The Hunt For The Regicides


Cromwell’s Commonwealth gained for English power abroad a prestige unknown since Elizabeth, but at home it was less successful. Cromwell found it necessary to dismiss the House of Commons as willfully as Charles had done. Alter 1655 he governed through major generals (among them Whalley and Goffe), each commanding a district. They quelled sporadic Royalist uprisings, raised money from reluctant lords, and imposed their Puritan habits on the whole population. England sickened of drab morality and army rule. The dissident factions held together by Cromwell’s strong mixture of God and gunpowder split apart at his death in 1658, and his son, the amiable Richard, had neither the wit nor the will to control them. During the spring of 1660 the Great Experiment staggered to its ruin.

In that year General George Monk, who had been Oliver Cromwell’s trusted lieutenant in Scotland, marched his troops into London, declaring for a free Parliament. From his listening post in the Dutch fortress-city of Breda, wily Charles Stuart, son of the dead king, issued an intention of general amnesty (except for those whom the new Parliament might choose to single out) should he return to the throne. In early May the new Parliament proclaimed Charles king and immediately buckled down to the vengeful business of making exceptions to those covered by the general amnesty. It was a time to flee.

Dixwell waited until Parliament named him specifically as unpardonable. Then, sending word that he was ill and could not surrender until he recovered, he slipped across the Channel and eventually found his way to the prosperous town of Hanau in Prussia.No further word is heard of him until his appearance in the New England colonies five years later. Whalley and Goffe risked no such delay. On May 4, 1660, a few days before Charles was formally proclaimed king, they kissed their families good-bye and took horse for Gravesend, where passage awaited them on the Prudent Mary, bound for Boston. In the streets of Gravesend, they watched with bitterness the proclamation of the restored monarchy. Golfe wrote in his journal that “there was much rejoicing among the people, but God’s people lamented over the great profaneness with which that joy was expressed.” He added darkly, “It was observed that many dogs did that day run mad: and died suddenly in the town.”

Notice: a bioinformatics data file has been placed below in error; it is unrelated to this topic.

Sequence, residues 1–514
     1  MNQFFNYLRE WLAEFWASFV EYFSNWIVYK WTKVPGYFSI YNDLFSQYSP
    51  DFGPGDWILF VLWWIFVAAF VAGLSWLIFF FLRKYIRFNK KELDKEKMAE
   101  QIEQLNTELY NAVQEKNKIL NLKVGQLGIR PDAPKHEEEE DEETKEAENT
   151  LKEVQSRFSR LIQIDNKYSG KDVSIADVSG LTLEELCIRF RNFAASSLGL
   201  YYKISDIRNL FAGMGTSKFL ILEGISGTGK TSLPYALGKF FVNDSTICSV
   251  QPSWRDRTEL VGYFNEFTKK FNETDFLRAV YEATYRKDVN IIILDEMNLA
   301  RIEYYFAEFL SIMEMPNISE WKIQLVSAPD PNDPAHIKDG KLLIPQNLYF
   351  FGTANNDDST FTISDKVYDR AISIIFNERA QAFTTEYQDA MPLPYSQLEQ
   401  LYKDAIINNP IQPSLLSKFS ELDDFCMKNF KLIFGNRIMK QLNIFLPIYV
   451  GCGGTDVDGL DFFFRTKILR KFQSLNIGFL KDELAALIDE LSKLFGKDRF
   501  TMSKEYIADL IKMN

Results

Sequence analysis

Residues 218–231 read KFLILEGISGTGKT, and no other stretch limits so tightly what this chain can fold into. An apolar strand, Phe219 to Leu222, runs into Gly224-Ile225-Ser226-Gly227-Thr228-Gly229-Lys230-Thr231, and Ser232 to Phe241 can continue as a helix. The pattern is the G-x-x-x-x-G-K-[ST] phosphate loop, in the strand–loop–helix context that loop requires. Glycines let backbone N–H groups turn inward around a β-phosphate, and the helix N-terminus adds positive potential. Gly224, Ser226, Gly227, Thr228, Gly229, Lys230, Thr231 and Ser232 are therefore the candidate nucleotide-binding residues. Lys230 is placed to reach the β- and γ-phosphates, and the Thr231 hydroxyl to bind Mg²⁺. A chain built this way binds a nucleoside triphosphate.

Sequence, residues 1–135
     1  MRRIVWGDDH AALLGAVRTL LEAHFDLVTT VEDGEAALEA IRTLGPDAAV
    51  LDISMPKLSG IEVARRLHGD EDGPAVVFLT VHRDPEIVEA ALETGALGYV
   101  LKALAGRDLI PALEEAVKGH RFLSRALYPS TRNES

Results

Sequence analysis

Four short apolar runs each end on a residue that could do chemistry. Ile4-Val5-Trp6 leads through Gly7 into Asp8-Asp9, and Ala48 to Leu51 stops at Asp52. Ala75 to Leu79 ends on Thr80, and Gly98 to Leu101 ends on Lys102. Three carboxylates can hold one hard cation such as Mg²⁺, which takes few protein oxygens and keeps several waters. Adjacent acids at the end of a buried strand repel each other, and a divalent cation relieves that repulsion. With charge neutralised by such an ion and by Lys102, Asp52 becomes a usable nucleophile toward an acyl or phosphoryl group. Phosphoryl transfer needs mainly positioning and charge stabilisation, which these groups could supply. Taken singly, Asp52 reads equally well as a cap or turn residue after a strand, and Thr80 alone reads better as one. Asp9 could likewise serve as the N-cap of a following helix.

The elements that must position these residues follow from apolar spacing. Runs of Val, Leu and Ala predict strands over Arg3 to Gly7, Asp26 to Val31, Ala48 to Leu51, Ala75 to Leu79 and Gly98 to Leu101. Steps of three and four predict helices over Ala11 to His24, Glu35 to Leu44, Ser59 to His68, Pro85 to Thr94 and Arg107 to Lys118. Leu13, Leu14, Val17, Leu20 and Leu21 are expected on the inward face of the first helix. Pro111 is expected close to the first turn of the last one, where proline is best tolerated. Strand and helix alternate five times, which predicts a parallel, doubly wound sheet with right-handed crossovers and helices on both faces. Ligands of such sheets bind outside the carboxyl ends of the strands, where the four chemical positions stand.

On boarding the ship, Whalley and Gofle assumed the names of Edward Richardson and William Stephenson. But they were unused to slinking in a corner and had no regrets tor their part in the King’s death. They did little to conceal their identity from such sympathetic fellow passengers as Captain Daniel Gookin, a prominent member of the Massachusetts Bay Colony, and William Jones of the New Haven Colony, whose wife was the daughter of one of the colony’s leading citizens. On the morning of July 27 they looked confidently upon the scattered roofs of Boston beside the sunlit channel of the Charles.

The fugitives had some reason for their confidence. Most of the New England colonists had felt, in one way or another, the heel of bishop and king. On this far continent, an ocean away from England, they were continuing the Puritan theocracy which had collapsed at home. England might persuade them but in the end could not coerce them. They were already masters of evasion and delay when orders from the mother country were not to their liking; if Charles was on the throne, let him say so: until then they would follow their natural sympathies. It was no wonder that Governor JoIm Endecott warmly embraced the newcomers, expressing hope that more men of their distinction would lend strength to the colonies.

On the day of their arrival Whalley and Goffe went four miles upriver to Cambridge as guests of Captain Gookin. There they lived openly, their identities well-known. “Colonels Whalley and Goffe were entertained by the magistrates with great solemnity, and feasted in every place, after they were told that they were traitors, and ought to be apprehended,” grumbled a Royalist report to England. John Crowne, a Royalist (he later returned to England and became a famous Restoration playwright) said that the regicides “were treated like men dropped down from heaven.”

They may have felt that way. At the Cambridge church Goffe handed to the minister a piece of paper extolling God’s mercy to them in their many dangers (including the voyage over “the great deeps”) and asking him to offer praise to God in their behalf during prayers.

In the tranquil New England summer, they supped with the Reverend Charles Chauncy, president of Harvard College, and made calls in some of the surrounding towns. The general opinion was that they were sober, righteous, and godly men. (Present-day America offers no parallel to this reception: but imagine, by way of very rough analogy, that John Wilkes Booth escaped safely to Virginia, to be warmly greeted by Jefferson Davis, prayed over in Richmond churches, and sumptuously dined by the president of William and Mary College.)